Appendix A - Division A

This Appendix is included for explanatory purposes only and does not form part of the requirements. The numbers that introduce each Appenidx Note correspond to the applicable requirements in this Division.

A-    Application of this Code. This Code applies to buildings and facilities, whether occupied or vacant. For the purposes of Sentence, the term “facilities” is used in its broadest sense to include all premises that are not included in the definition of “building” in this Code, such as outdoor and underground areas, structures and equipment. Such “facilities” are often associated with storage, distribution and manufacturing activities.

The BCFC contains references to the British Columbia Building Code 2006 (BCBC) for the design, construction and installation of many fire protection features. Some BCBC requirements are most readily applied to new buildings and their retroactive application to existing situations as prescribed by this Code could result in some difficulty in achieving compliance. It is the intent of the BCFC that an equivalent level of safety be achieved rather than necessarily achieving strict conformance to the BCBC. The application of this Code to the upgrading of existing facilities should be based on the judgment of the enforcement authority, who must deal with each case on its own merits.

The BCFC states that the owner or the owner's authorized agent is responsible for carrying out the provisions of the Code (see Article of Division C). However, the owner is expected to communicate with the authority having jurisdiction, who is in a position to assess the relative significance of variances from the BCBC requirements. Such authority may then determine that upgrading measures are not necessary, on the basis that the existing arrangement represents an equivalent level of fire and life safety. The BCFC presumes that the adopting legislation provides for the exercise of the necessary discretionary judgment on the part of the enforcing officials, along with appropriate rights to appeal (see Appendix Note A-2.2. of Division C). See also Appendix A- of Division B and Appendix Note A- of Division A of the BCBC.

A-    Code Compliance via Acceptable Solutions. If a building design (e.g. material, component, assembly or system) can be shown to meet all provisions of the applicable acceptable solutions in Division B (e.g. it complies with the applicable provisions of a referenced standard), it is deemed to have satisfied the objectives and functional statements linked to those provisions and thus to have complied with that part of the Code. In fact, if it can be determined that a design meets all the applicable acceptable solutions in Division B, there is no need to consult the objectives and functional statements in Division A to determine its compliance.

A-    Code Compliance via Alternative Solutions. Where a design differs from the acceptable solutions in Division B, then it should be treated as an “alternative solution.” A proponent of an alternative solution must demonstrate that the alternative solution addresses the same issues as the applicable acceptable solutions in Division B and their attributed objectives and functional statements. However, because the objectives and functional statements are entirely qualitative, demonstrating compliance with them in isolation is not possible. Therefore, Clause identifies the principle that Division B establishes the quantitative performance targets that alternative solutions must meet. In many cases, these targets are not defined very precisely by the acceptable solutions — certainly far less precisely than would be the case with a true performance code, which would have quantitative performance targets and prescribed methods of performance measurement for all aspects of building performance. Nevertheless, Clause makes it clear that an effort must be made to demonstrate that an alternative solution will perform as well as a design that would satisfy the applicable acceptable solutions in Division B — not “well enough” but “as well as.”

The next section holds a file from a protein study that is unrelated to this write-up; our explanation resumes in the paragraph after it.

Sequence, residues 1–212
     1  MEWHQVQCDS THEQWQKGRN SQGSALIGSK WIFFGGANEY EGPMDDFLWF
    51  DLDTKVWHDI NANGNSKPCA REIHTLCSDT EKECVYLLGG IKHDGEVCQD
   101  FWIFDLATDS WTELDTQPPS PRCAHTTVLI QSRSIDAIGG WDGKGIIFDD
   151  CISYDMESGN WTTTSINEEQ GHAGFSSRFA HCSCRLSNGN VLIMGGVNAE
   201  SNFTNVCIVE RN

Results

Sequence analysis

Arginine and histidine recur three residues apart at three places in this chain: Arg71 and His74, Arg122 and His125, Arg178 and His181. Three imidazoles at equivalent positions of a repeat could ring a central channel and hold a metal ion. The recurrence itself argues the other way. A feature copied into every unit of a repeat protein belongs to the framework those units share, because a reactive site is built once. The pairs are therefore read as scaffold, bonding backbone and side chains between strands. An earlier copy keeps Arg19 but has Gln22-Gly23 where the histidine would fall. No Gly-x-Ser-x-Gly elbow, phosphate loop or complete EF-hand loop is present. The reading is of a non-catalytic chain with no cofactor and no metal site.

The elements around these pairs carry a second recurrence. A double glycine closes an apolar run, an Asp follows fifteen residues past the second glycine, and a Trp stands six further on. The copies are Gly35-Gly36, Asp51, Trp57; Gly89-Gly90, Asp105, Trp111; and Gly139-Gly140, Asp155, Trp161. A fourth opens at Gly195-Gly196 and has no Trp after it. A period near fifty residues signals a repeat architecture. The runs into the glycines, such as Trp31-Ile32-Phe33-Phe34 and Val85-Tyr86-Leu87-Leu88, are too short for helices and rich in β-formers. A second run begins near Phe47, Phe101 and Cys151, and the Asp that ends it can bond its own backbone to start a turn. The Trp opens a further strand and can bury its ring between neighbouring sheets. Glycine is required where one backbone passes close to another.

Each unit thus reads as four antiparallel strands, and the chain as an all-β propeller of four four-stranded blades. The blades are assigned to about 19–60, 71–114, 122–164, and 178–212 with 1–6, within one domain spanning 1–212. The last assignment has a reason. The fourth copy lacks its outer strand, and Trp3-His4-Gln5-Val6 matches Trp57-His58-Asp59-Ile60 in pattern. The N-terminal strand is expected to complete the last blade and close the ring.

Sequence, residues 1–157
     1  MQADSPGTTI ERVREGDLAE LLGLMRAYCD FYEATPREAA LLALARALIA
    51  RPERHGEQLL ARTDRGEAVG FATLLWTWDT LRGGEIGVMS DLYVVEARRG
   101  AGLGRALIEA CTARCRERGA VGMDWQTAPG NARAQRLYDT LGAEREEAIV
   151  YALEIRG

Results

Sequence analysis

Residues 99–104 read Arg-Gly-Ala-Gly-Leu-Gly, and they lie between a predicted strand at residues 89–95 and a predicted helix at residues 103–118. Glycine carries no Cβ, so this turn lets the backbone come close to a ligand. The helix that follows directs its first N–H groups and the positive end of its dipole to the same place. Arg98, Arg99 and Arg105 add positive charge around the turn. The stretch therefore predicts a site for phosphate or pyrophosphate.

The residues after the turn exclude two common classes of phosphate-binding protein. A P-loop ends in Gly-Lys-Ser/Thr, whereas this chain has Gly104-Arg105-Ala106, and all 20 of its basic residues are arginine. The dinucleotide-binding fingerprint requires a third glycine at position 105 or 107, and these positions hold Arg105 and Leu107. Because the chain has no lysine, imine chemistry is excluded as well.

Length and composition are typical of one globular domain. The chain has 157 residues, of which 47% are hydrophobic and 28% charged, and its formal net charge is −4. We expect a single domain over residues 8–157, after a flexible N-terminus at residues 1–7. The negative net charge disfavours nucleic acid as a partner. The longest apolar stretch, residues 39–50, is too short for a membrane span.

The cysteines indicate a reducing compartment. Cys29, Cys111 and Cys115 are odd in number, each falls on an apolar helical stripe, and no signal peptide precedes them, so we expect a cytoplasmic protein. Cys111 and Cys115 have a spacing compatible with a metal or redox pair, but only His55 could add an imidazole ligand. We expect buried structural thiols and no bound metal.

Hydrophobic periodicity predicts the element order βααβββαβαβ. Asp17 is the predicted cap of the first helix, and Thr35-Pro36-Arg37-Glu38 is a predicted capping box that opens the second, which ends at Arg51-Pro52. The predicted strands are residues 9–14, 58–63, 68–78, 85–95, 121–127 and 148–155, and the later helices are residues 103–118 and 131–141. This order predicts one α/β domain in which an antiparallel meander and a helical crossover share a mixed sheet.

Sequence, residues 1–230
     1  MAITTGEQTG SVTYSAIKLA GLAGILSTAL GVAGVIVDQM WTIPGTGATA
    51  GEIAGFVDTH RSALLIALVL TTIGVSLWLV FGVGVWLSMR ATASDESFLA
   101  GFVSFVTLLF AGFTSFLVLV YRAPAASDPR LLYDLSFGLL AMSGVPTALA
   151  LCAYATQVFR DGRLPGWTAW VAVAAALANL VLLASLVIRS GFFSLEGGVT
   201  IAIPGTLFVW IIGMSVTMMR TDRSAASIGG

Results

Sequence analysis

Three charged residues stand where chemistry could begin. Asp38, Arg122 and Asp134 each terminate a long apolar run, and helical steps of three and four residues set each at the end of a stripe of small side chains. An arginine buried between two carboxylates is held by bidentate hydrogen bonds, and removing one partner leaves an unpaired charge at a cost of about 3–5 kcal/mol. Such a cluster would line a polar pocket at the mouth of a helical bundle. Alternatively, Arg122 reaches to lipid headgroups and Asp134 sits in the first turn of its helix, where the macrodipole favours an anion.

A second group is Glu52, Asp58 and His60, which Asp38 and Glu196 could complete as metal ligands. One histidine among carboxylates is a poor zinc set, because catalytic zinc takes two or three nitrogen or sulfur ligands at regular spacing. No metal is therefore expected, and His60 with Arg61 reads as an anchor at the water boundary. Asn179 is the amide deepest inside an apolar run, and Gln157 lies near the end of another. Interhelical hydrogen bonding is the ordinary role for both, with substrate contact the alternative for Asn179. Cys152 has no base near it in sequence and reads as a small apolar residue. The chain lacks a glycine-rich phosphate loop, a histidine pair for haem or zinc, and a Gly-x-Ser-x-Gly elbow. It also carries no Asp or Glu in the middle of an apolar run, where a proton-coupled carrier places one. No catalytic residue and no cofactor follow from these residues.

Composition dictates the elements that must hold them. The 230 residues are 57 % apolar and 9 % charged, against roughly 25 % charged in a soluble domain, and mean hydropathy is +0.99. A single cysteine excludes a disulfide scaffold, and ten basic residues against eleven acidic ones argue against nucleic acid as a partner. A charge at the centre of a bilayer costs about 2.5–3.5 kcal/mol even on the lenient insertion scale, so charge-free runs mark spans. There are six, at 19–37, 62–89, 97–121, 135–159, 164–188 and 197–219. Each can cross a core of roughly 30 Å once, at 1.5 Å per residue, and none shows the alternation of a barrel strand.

In this sense, it is Division B that defines the boundaries between acceptable risks and the “unacceptable” risks referred to in the statements of the Code's objectives, i.e. the risk remaining once the applicable acceptable solutions in Division B have been implemented represents the residual level of risk deemed to be acceptable by the broad base of Canadians who have taken part in the consensus process used to develop the Code.

Level of Performance

Where Division B offers a choice between several possible designs, it is likely that these designs may not all provide exactly the same level of performance. Among a number of possible designs satisfying acceptable solutions in Division B, the design providing the lowest level of performance should generally be considered to establish the minimum acceptable level of performance to be used in evaluating alternative solutions for compliance with the Code.

Sometimes a single design will be used as an alternative solution to several sets of acceptable solutions in Division B. In this case, the level of performance required of the alternative solution should be at least equivalent to the overall level of performance established by all the applicable sets of acceptable solutions taken as a whole.

Each provision in Division B has been analyzed to determine to what it applies and what it is intended to achieve. The resultant application and intent statements clarify what undesirable results each provision seeks to preclude. These statements are not a legal component of the Code, but are advisory in nature, and can help Code users establish performance targets for alternative solutions. They are published in the electronic versions of the Code.

Areas of Performance

A subset of the acceptable solutions in Division B may establish criteria for particular types of designs (e.g. certain types of materials, components, assemblies, or systems). Often such subsets of acceptable solutions are all attributed to the same objective: Fire Safety for example. In some cases, the designs that are normally used to satisfy this subset of acceptable solutions might also provide some benefits that could be related to some other objective: Fire Protection of the Building or Facility for example. However, if none of the applicable acceptable solutions are linked to Objective OP1, Fire Protection of the Building or Facility, it is not necessary that alternative solutions proposed to replace these acceptable solutions provide a similar benefit related to Fire Protection of the Building or Facility. In other words, the acceptable solutions in Division B establish acceptable levels of performance for compliance with the Code only in those areas defined by the objectives and functional statements attributed to the acceptable solutions.